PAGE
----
Parents of children who repeatedly skip school will have their child benefit docked if they refuse to pay up fines, David Cameron has revealed.
The Prime Minister unveiled the new policy - which has in the past been condemned by child poverty campaigners - as part of a drive to tackle the number of pupils who persistently truant.
The worst offending families will lose six weeks’ worth of £20 a week child benefit if they have one child.
Speaking ahead of Education Secretary Nicky Morgan’s keynote speech to the Conservative party conference, Mr Cameron said also unveiled a new ‘right to request’ childcare for parents of school-age children.
But it is his plan to dock child benefit to parents of truants that could prove more controversial, with fresh legislation to allow HM Customs & Excise to automatically take fines, changes to data law and a new duty on councils to pursue civil penalties.
The plan will see fines of up to £120 clawed back by HMRC if they remain unpaid after 28 days. Around 20,000 fines go unpaid every year.
The idea of cutting child benefit of parents of truants was backed by Michael Gove in the last Coalition but blocked by the Liberal Democrats.
However, its political ancestry stretches back even further to Tony Blair, who first floated it in 2002 to tackle children involved in truancy and crime, only for Gordon Brown to force him to ditch it.
When Blair proposed the plan, then Opposition leader Iain Duncan Smith dismissed it as one of several ‘gimmicks’ pushed by New Labour. Charities claimed at the time that it would push poor and dysfunctional families even deeper into poverty.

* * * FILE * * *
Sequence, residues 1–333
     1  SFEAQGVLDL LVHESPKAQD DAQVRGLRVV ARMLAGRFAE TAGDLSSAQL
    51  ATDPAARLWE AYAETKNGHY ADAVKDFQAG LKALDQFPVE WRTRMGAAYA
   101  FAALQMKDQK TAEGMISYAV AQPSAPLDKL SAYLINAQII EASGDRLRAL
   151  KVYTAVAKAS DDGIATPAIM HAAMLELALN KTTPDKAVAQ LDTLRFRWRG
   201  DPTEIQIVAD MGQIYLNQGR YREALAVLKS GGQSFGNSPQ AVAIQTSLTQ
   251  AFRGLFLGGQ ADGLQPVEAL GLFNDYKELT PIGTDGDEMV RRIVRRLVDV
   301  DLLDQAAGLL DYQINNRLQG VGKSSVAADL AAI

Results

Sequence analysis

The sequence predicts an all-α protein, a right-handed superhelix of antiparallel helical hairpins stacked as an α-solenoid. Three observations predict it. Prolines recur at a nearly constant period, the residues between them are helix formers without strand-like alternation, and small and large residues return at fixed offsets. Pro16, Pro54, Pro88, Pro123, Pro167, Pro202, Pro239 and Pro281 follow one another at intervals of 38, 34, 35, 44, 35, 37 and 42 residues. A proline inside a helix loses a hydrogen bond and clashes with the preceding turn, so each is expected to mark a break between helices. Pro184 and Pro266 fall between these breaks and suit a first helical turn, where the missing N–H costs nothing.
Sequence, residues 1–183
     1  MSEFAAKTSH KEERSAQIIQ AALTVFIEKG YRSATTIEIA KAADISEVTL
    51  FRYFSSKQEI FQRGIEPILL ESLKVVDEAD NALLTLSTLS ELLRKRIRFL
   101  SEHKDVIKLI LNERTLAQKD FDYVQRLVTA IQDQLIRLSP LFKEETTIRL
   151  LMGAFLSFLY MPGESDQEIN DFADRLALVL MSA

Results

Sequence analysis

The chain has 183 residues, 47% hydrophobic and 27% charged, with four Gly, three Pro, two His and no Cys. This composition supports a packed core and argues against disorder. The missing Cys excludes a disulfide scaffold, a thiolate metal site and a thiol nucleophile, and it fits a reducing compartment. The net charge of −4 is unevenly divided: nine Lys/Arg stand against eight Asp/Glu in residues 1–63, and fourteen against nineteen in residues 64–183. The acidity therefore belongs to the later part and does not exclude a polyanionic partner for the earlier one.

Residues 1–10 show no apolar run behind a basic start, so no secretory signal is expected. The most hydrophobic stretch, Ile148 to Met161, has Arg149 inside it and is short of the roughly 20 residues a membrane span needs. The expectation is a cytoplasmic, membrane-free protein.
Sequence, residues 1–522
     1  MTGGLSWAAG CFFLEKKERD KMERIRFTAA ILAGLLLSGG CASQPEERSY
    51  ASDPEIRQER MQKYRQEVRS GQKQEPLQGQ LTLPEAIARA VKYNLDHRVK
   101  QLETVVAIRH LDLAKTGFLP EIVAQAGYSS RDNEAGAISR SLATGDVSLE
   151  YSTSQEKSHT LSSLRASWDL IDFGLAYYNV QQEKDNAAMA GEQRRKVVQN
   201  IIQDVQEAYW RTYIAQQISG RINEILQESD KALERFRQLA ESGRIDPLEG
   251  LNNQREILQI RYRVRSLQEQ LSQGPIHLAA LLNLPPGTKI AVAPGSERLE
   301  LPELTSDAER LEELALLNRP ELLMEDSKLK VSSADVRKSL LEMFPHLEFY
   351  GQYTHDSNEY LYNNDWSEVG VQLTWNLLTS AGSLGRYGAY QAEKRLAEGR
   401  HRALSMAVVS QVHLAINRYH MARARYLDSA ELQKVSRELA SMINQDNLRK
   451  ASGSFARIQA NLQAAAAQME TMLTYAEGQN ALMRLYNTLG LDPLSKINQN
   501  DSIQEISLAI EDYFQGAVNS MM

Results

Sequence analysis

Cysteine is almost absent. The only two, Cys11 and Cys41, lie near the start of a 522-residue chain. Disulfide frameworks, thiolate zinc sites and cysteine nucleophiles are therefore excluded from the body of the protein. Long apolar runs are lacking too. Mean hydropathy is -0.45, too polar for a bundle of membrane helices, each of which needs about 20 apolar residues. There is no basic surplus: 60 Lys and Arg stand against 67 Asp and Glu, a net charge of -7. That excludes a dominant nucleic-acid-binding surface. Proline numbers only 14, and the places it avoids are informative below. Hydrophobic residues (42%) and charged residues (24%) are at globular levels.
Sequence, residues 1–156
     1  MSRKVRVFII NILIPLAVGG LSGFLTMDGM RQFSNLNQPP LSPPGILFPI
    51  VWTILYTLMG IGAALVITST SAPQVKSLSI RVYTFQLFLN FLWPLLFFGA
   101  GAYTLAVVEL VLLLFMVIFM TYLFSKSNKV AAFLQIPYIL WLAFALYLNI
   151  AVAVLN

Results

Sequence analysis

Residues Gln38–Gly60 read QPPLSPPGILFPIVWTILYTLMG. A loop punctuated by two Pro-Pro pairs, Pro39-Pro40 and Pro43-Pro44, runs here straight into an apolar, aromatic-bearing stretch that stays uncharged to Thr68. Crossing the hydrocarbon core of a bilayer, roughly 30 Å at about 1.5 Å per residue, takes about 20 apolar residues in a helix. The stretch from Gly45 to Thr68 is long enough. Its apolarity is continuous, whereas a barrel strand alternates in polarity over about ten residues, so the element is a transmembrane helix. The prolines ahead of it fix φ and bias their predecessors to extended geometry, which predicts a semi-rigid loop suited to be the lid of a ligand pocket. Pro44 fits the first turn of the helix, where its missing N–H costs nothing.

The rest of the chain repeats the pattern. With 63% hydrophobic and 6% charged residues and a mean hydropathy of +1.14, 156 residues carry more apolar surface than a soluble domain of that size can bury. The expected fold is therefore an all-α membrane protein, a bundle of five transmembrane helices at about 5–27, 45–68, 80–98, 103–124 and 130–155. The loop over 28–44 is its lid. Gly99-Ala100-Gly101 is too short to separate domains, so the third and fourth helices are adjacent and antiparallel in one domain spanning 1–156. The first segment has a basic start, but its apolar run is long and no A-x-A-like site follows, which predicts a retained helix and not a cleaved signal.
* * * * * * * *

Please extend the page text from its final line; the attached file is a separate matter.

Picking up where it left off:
Downing Street sources told The HuffPost UK the policy will only hit the most persistent truants and their parents but will act as a powerful signal that the Tory government is serious about acting.
Mr Cameron said: “We are determined to tackle the harm truancy does to a child’s chances in life. There is nothing responsible about allowing your child to go without an education.
“So for parents who let their child play truant and refuse to pay truancy penalties, we will deduct it from their child benefit.”
Under current rules, parents are given time to resolve truancy of their child but if the behaviour fails to stop, a school or local education authority can issue a fixed penalty notice of £60.
There is no obligation to pay the penalty and councils end up cancelling it and instead spending time and public money pursuing truants’ parents through the courts.
The £60 penalty, which increases to £120 if unpaid after 21 days, will be made mandatory and will be clawed back through reductions in child benefit if unpaid after 28 days.
In a separate announcement, Mr Cameron said that parents would have a new legal 'right to request' holiday and wrap-around childcare at their local school.
Groups of parents will be allowed to ask for on-site breakfast and after-school clubs.